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An excerpt from www.HouseOfNames.com archives copyright 2000 - 2016


The McHee family name was first used by descendants of the Pictish people of ancient Scotland. It is a name for someone who lived in ancient chronicles where the tradition relating this distinguished Pictish family of Hay begins during an attack by the Danes in the reign of Kenneth III of Scotland in 980. The defeated Scottish army retired through a narrow pass near Lochnarty in Perthshire which was later defended by a local farmer and his two sons. Upbraiding the retiring Scottish army, the farmer rallied the retreating Scottish and eventually defeated the Danes. They took the yokes from the oxen with which they were ploughing, and so belaboured the invaders as to drive them from the field, amidst shouts of Hay! Hay! The King rewarded the family with many grants of land including the Carse of Gowrie on the River Tay, traditionally marked by the limit of a falcon's flight, six miles in length. There is a monument still extant called the Falcon's Stone marking the falcon's place of rest. [1]CITATION[CLOSE]
Lowe, Mark Anthony, Patronymica Britannica, A Dictionary of Family Names of the United Kingdom. London: John Russel Smith, 1860. Print.
The king also assigned three shields or escutcheons for the arms of the family, to intimate that the father and his two sons had been the three fortunate shields of Scotland.

McHee Early Origins



The surname McHee was first found in Perthshire (Gaelic: Siorrachd Pheairt) former county in the present day Council Area of Perth and Kinross, located in central Scotland, but looking further back we find Hay family of Normandy was of considerable rank and importance in the year 823 AD. Significantly, the family held a Coat of Arms from ancient times that consisted of three red shields on a silver background. They also held many baronies, including the Castle and Barony of La Hai-du-puits in Coutances from whence the Sire-de-la-haie came. He accompanied Duke William of Normandy in his conquest of England and was granted vast estates in Sussex, Essex and Suffolk, as recorded in the Domesday Book. He died in 1098, his daughter marrying her cousin Robert de la Haie, Count of Mortain. William de Haya, who first settled in Scotland was probably Robert's son, and he witnessed charters by King Malcolm IV in 1160 AD. [2]CITATION[CLOSE]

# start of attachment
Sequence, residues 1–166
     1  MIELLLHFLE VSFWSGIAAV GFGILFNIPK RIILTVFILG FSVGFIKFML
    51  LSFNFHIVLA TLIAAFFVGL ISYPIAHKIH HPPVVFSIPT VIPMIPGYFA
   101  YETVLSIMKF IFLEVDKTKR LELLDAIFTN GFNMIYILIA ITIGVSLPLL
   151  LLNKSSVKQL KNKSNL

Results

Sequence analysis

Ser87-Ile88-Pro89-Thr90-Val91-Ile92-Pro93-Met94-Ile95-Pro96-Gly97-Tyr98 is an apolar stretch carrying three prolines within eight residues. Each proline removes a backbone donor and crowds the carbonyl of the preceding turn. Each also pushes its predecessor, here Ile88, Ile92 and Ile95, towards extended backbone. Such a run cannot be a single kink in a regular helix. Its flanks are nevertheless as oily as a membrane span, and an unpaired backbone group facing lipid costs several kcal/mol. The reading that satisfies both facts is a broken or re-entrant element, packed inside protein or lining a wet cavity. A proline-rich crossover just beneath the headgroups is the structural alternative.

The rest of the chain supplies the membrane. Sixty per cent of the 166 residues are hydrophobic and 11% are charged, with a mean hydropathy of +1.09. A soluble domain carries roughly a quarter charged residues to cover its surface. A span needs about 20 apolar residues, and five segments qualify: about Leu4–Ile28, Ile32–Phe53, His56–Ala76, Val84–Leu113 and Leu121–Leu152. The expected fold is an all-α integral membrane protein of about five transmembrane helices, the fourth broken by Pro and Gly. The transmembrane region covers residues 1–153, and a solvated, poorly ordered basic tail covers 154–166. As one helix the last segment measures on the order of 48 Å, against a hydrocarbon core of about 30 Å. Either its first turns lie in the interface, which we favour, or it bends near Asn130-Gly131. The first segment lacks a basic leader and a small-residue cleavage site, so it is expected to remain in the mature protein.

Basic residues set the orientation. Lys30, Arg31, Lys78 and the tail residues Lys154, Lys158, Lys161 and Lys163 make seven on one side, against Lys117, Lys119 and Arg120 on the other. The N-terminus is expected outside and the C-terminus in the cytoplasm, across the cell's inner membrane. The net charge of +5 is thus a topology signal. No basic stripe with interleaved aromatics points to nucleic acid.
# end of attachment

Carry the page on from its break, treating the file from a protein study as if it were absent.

Black, George F., The Surnames of Scotland Their Origin, Meaning and History. New York: New York Public Library, 1946. Print. (ISBN 0-87104-172-3)

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McHee Spelling Variations


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McHee Spelling Variations



Scribes in the Middle Ages did not have access to a set of spelling rules. They spelled according to sound, the result was a great number of spelling variations. In various documents, McHee has been spelled Hay, Haye, Haya, Mac Garaidh (Gaelic) and others.

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McHee Early History


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McHee Early History



This web page shows only a small excerpt of our McHee research. Another 501 words (36 lines of text) covering the years 1255, 1258, 1333, 1309, 1403, 1342, 1406, 1450, 1508, 1572, 1634, 1599, 1660, 1625, 1697, 1645, 1713, 1668, 1706, 1704 and are included under the topic Early McHee History in all our PDF Extended History products and printed products wherever possible.

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McHee Early Notables (pre 1700)


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McHee Early Notables (pre 1700)



Notable amongst the Clan at this time was Sir Gilbert de la Haye (d. 1333), Lord High Constable of Scotland from 1309; Gilbert Hay (c.1403), Scottish poet and translator, author of "The Buik of King Alexander the Conquerour" and other works; Sir Thomas de la Hay ( c. 1342-1406), Lord High Constable...

Another 90 words (6 lines of text) are included under the topic Early McHee Notables in all our PDF Extended History products and printed products wherever possible.

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McHee In Ireland